The books in ”Jazzin’” contain 12 songs for jazz ensemble. The idea of the books is flexibility. In addition to rhythm parts, there is a melody, a harmony part, and backgrounds or fill-ins for every song. This means that the songs can be performed by a trio (for instance, piano, bass and drums), as well as by a larger group, maybe guitar, piano, bass and drums, plus two horns and a singer.

Melodies, harmony parts and solos have a register that makes it possible to play (and sing!) everything on most instruments. Of course, some instrument combinations will work better than others, and different songs may fit better for different singers, but most of the material will work in most ways.

The books come with a CD. The songs are recorded in short versions, where the melody (plus harmony part and/or fill-ins) are presented by song and/or an instrument, this is followed by a solo, and at last, the melody is presented in a new combination by instruments and/or vocals.

All songs come in a stereo mix with melodies and solos, and also in a ”minus one” version with just rhythm, that can be used for practising. In the minus one version, the drums are in stereo, the bass is in the left channel, and the chord instruments (piano and/or guitar) in the right channel. This makes it possible to practice melodies and solos with a complete backing, chord instruments with just bass and drums, and bass with just chord instruments and drums.

There are three exceptions from the rule about flexibility. The first is ”St. James Infirmary”, which is possible to perform with other instruments than trumpet/clarinet/ trombone, but which is not quite as stylistically correct if played by, for instance, three guitars. This does not mean that one cannot learn by playing the tune on other instruments than the stylistically correct ones.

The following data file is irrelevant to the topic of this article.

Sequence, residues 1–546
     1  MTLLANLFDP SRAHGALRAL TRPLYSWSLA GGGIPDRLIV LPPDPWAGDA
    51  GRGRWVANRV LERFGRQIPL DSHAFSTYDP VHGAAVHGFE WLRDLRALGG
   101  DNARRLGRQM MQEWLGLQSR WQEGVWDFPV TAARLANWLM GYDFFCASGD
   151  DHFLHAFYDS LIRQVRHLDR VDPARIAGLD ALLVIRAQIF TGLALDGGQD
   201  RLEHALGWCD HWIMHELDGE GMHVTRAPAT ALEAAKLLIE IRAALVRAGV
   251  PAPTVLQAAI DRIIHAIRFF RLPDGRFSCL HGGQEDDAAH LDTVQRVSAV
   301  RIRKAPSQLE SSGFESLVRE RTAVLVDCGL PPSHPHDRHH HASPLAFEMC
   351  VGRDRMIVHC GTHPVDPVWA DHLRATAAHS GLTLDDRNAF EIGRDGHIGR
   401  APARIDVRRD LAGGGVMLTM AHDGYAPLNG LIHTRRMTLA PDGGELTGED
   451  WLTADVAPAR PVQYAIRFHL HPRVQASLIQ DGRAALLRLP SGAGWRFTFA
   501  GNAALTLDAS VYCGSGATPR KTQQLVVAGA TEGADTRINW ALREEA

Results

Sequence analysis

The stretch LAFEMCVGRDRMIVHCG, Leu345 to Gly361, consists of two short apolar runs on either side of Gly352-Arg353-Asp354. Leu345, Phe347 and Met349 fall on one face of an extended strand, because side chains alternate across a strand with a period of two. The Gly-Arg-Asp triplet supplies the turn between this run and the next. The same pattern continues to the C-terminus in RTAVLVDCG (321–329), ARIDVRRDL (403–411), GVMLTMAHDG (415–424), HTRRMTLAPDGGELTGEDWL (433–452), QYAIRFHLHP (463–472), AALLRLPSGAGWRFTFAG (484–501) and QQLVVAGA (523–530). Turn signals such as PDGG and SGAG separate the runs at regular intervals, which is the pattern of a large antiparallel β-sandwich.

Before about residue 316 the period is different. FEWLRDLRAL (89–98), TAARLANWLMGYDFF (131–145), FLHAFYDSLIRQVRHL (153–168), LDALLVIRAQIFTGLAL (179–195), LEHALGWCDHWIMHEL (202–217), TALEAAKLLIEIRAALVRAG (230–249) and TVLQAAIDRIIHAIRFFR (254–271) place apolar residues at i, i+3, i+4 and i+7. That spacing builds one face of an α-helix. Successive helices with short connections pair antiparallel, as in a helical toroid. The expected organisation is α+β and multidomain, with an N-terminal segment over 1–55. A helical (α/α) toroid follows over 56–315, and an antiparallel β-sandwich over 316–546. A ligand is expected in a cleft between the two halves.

The two other exceptions are the arrangements of ”You Don’t Know What Love Is” and ”Lady Be Good”, that are written for a specific horn section – four and five horns – and are a kind of ”reduced big band arrangements.” Of course, it is possible to replace instruments in these arrangements too, but this needs a little more thinking.

The written solos for all songs excepting these two arrangements are also conceived to be playable on most instruments – although some of the faster solos of course will be harder on for instance a trombone than on a tenor sax. The solos are in the book, and on the CD, as examples of how one can think when playing, or when practising: there are solos constructed from chord tones, from scales, from varying the melody and from using chromatics. Remember, the solos are just suggestions!

Good luck and have fun!

Hans Hjortek and KG JohanssonContents

New Orleans Jazz: St. James Infirmary
Swing: Lady Be Good
Swing: Swing Blues
Bebop: Bop Blues
Bebop: Oleo
Ballad: You Don´t Know What Love Is
Cool: I Can´t Believe (That You´re In Love With Me)
Bossa Nova: Don´t Look At Me
Modal Jazz: All Blues
Fusion: Recorded Time
You Don’t Know What Love Is, “simulated big band arrangement”
Lady Be Good, “simulated big band arrangement”

Musicians: Esbjörn Mörtzell, drums, Sven-Erik Johansson, bass, KG Johansson, guitar, Micke Långs, keyboards, Olle Strandberg and Gunnel Mauritzson, vocals, Mats Mårell, alto sax, Peter Lindqvist, tenor sax and flute, Håkan Knutas and Andreas Svejebäck, trumpet, Anders Nordqvist, trombone, Hans Hjortek, producer. Recorded and mixed at PlayYard Studios, Stockholm, by Peter Edlund.




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